Meanwhile, the Wagner Group mercenaries tightened the siege on the strategic Bakhmut, in Donetsk, opening the cruelest chapter of the war, the “meat grinder” that killed thousands —16 thousand admitted by Yevgeny Prigozhin’s forces, at odds with the Ministry of the Russian Defense.
The pressure also came from the Ukrainian side. Drone attacks began to hit more cities in Russia, which also saw some actions by infiltrated saboteurs. This would culminate in damage to nuclear-powered bombers and, in March, actions against Moscow.
More importantly, on November 9, the Russians left the eponymous provincial capital of Kherson, rendered indefensible, and established the Dnipro River as their new defensive line, initiating an entrenchment process that would last months.
Attrition in Bakhmut advanced until May, with the victory of Wagner. But a new reality of the war was already taking shape, also marked by two turning points in the Western spirit of support: the sending of heavy tanks, mostly German Leopard-2s, more missiles and anti-aircraft batteries. In addition, the discussion about the supply of fighter jets, something previously taboo for giving rise to a more direct conflict with the Russians.
PHASE 5 – The counter-offensive and the mutiny
We have reached the current point, with the counter-offensive launched last June by Zelensky, which, until now, has only gone beyond the probationary stage of defense and attrition to impose losses on the Russians —and, therein lies the problem for Kiev, also receiving losses without the same staff replenishment capacity. Western defense officials argue that this is the case, and that the bulk of the attacks have not yet taken place, but the Ukrainian president maintains a pressure speech.
In theory, the objective of the action is to break the land bridge and cut off Crimea, but this has proved difficult. The arrival of British Storm Shadow cruise missiles, however, facilitated attacks on the peninsula’s infrastructure, maintaining local pressure.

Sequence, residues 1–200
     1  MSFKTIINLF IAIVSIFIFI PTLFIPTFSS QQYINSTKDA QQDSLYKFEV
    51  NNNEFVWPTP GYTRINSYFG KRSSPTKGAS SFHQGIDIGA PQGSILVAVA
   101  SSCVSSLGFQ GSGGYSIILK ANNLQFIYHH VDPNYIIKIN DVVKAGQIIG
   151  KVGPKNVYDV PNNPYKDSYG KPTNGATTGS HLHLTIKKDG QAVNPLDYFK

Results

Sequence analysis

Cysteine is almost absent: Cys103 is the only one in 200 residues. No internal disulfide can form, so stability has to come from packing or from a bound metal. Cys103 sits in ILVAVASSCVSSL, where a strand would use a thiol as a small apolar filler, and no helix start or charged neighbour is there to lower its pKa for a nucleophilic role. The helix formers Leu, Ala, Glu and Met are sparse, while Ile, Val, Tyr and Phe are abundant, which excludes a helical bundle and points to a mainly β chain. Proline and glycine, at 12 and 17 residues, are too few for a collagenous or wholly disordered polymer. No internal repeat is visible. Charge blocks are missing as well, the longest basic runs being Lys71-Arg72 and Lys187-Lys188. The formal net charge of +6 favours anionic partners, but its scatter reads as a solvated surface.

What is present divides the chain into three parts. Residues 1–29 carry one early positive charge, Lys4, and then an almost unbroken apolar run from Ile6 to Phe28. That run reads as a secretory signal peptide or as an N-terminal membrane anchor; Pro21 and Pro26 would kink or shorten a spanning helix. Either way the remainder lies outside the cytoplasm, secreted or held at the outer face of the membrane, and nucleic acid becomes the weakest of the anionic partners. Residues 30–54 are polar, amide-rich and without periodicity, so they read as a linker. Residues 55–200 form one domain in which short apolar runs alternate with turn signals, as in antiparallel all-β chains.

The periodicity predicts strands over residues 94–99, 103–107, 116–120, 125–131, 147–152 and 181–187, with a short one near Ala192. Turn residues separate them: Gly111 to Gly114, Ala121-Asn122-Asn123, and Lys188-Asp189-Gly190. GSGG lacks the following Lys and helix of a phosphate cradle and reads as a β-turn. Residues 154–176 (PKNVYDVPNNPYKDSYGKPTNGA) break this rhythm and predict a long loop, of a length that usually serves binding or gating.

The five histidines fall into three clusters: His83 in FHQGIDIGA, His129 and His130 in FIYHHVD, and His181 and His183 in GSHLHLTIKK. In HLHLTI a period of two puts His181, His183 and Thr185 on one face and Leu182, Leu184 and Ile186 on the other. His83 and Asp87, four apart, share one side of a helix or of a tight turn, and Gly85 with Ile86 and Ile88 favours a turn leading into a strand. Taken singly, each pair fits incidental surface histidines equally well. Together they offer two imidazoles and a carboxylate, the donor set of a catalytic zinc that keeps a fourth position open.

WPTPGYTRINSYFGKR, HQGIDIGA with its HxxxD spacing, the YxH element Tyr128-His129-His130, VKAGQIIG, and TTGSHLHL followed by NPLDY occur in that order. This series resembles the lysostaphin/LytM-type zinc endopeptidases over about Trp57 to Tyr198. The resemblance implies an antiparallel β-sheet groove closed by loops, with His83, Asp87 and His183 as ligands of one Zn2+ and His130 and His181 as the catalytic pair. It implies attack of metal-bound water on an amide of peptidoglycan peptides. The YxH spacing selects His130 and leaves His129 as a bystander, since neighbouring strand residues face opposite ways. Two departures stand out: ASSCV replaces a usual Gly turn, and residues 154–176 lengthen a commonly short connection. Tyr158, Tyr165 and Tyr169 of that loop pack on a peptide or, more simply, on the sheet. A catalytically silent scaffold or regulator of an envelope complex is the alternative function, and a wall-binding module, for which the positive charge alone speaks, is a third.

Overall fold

To add opacity to the picture, in the first of the counteroffensive an explosion destroyed the Nova Kakhovka dam, whose reservoir on the Dnipro River served irrigation canals, the cooling of the Zaporizhia nuclear power plant and a hydroelectric plant. The ensuing environmental disaster was massive, with land scorched on both sides of the river all the way to its mouth in the Black Sea.
Standard in the conflict, both sides blame each other for the episode, which is now repeated with the speeches of Kiev and Moscow about a possible explosion of the Zaporizia power plant. Militarily, both assessed advantages and disadvantages, with a score more favorable to the Russians.
Meanwhile, the nuclear card is back on the table with the announcement of the installation of tactical warheads, of more restricted use, by Putin in Belarus. In response, Poland has already asked NATO to place US bombs on its territory.
More unpredictable, however, was the Prigojin mutiny on the 23rd and 24th of June, a still unfinished story that demonstrated an internal instability in Russia that was not known, but that could serve some purposes of consolidating the power of the president in the end.
In any case, the mercenary revolt was quelled with a few phone calls mediated by the Belarusian dictator, Aleksandr Lukachenko, and a dozen Russian pilots shot down. It is the haziest battle of this war so far, and it will not be the last.